Palestinian President Abbas warned Israel against turning what he said was essentially a "political" conflict into a religious one, reports said Friday.
"There is a political struggle between us, so let’s talk politics. Don’t turn it into a religious struggle, because once struggles like that start, they don’t end,” Abbas was quoted as saying in a fiery Ramallah speech.
"This is a crucial time, there's terrorism, religious conflict and violence. It is us who pay the price, the blood of our children," Al Jazeera quoted Abbas as saying.
The Palestinian leader then blamed rightists Jews for fueling the flames of recent tensions, and reportedly said that “You mustn’t come close to our mosques, to our churches. And we won’t come close to your synagogues.”
Netanyahu has frequently blamed Abbas for inciting to terror, a claim recently downplayed by Shin Bet head Yoram Cohen, who said that perceived attacks on the Temple Mount by rightwing Jews were largely to blame.
Meanwhile, two Jewish seminary students were attacked and wounded in East Jerusalem Friday evening. The two were reportedly hit with stones, metal rods and nails near the Beit Orot seminary in Jerusalem's Mount of Olives, days after Palestinian terrorists opened fire in a Jerusalem synagogue and killed four rabbis and a Druze policeman.
The incident came after the weekly Muslim prayers at Jerusalem's flashpoint Al-Aqsa mosque went off without incident Friday despite high tensions in the Holy City, but stone-throwing Palestinians rioted in the West Bank city of Hebron were an IDF outpost was set ablaze.
The IDF said Friday it dispersed 300 stone-throwing Palestinian demonstrators in the West Bank city of Hebron without injuries or arrests.
Smaller clashes also took place at two other West Bank locations - Qalandiya and Kadom - also without injuries or arrests, the army said.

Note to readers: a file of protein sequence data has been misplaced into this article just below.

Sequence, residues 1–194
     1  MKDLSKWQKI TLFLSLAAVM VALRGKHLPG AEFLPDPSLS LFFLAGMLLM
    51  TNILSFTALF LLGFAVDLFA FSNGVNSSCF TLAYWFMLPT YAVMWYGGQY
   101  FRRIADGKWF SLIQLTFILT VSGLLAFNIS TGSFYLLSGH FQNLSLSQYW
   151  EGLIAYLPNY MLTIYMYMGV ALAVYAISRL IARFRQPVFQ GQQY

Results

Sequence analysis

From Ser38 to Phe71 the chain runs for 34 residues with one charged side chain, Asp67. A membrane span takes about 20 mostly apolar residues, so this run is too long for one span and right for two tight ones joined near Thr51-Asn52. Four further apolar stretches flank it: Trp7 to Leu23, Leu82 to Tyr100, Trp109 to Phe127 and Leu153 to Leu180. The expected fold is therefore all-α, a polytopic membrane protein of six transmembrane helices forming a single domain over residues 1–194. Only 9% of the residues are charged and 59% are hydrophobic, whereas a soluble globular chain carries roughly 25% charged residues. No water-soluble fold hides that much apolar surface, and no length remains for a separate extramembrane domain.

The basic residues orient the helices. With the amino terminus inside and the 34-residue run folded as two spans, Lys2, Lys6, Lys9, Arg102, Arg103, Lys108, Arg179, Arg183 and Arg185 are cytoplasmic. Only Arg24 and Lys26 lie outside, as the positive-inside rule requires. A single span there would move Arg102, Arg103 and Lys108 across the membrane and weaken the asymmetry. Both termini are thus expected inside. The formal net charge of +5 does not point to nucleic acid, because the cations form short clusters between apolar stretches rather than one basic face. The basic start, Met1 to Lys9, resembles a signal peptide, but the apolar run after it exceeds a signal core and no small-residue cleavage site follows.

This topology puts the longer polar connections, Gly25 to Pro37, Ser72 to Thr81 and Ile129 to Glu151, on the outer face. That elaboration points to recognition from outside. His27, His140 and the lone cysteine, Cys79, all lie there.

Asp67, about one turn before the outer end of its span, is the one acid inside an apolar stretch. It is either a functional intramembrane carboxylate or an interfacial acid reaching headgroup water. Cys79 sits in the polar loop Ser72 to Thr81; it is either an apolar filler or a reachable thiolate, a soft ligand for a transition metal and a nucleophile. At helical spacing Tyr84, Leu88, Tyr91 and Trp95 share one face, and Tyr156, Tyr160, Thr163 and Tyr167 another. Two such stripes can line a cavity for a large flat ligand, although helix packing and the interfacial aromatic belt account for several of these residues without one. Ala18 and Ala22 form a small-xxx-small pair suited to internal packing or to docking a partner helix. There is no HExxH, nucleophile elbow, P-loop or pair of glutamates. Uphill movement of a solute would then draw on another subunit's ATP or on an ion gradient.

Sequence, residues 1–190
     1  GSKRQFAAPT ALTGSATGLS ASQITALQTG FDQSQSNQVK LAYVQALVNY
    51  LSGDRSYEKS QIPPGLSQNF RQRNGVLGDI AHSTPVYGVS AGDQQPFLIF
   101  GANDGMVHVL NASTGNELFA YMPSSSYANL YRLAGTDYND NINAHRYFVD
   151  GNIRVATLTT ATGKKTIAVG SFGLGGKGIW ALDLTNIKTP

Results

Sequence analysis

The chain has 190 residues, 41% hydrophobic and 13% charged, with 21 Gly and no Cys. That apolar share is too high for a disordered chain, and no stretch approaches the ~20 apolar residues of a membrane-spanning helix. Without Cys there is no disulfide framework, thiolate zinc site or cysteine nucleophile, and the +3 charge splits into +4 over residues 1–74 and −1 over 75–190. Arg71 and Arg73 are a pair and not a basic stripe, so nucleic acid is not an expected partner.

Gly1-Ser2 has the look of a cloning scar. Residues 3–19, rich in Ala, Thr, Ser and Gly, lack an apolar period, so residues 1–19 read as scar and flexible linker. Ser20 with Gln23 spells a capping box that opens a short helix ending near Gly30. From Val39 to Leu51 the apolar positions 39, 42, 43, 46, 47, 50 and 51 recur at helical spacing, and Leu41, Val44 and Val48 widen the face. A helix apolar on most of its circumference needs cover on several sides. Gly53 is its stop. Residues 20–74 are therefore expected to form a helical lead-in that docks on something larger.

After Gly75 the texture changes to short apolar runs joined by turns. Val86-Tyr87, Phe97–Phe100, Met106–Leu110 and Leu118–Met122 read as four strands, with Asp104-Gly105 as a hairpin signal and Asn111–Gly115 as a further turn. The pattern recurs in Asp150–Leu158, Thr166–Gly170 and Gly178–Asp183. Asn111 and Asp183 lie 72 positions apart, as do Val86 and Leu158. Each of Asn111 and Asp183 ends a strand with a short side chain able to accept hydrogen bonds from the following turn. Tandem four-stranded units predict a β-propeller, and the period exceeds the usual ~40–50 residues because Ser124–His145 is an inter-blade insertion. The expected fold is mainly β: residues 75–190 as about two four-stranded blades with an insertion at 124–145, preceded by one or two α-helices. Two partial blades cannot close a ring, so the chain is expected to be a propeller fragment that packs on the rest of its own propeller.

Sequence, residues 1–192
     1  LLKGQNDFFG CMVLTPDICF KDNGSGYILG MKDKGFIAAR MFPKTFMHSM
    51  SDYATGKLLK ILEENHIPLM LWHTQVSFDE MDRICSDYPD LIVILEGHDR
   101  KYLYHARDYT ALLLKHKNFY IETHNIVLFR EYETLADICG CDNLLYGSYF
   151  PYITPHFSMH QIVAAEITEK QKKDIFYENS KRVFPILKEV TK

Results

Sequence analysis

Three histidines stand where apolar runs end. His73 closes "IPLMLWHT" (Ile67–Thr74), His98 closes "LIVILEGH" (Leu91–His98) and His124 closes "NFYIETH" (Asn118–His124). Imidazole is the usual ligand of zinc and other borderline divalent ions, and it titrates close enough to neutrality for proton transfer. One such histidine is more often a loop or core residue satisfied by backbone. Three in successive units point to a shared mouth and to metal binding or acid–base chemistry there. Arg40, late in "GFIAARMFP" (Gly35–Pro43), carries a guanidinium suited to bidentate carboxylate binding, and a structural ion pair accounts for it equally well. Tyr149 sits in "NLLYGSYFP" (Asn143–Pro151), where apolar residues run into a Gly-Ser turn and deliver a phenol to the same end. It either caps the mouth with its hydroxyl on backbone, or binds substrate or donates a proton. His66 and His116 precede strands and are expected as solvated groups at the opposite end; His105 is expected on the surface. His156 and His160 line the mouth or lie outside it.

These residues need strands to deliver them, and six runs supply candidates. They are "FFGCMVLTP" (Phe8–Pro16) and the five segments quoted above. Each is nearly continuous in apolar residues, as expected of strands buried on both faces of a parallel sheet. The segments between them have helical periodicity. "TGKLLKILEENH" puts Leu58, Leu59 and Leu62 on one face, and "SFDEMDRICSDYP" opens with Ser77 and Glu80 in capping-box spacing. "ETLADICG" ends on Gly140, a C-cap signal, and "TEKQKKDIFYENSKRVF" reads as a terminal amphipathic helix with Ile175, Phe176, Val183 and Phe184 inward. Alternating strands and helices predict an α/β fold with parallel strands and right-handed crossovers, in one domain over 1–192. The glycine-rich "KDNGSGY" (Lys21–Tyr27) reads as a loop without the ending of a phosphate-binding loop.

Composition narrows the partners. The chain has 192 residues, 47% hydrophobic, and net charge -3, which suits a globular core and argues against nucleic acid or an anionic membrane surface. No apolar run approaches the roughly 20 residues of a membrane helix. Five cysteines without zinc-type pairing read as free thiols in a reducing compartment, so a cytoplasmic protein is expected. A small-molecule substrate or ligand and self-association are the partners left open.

Meanwhile, five Hamas activists were arrested by the Palestinian Authority Thursday in the West Bank, according to the Islamic militant group. Hamas spokesman Husam Badran said the Palestinian Authority is "trying to kill the Jerusalem uprising."
The West Bank clashes came amid roiling tensions, mostly over Palestinian claims that Israel wants to change the status quo at a contested Jerusalem holy site.
Netanyahu has denied any plans for the site, known to Muslims as the Noble Sanctuary and Jews at the Temple Mount, but some Netanyahu allies want the prayers allowed.
No incidents were reported there by Israeli police during prayers on Friday, which for the second consecutive week were open to all Muslim worshippers regardless of age.
In recent weeks 11 people have been killed by Palestinian attackers in five incidents, mostly in Jerusalem, but also in Tel Aviv and the West Bank. Five of the Palestinian assailants were killed by security forces.
In response, Netanyahu has ordered a revival of punitive home demolitions - a practice that had largely been suspended since 2005.
Earlier this week Israel demolished the east Jerusalem home of one of the attackers, and on Thursday four more demolition notices were issued in east Jerusalem - including to the families of two cousins who carried out a grisly attack on a Jerusalem synagogue Tuesday.
The Associated Press, Yoav Zitun and Noam (Dabul) Dvir contributed to this report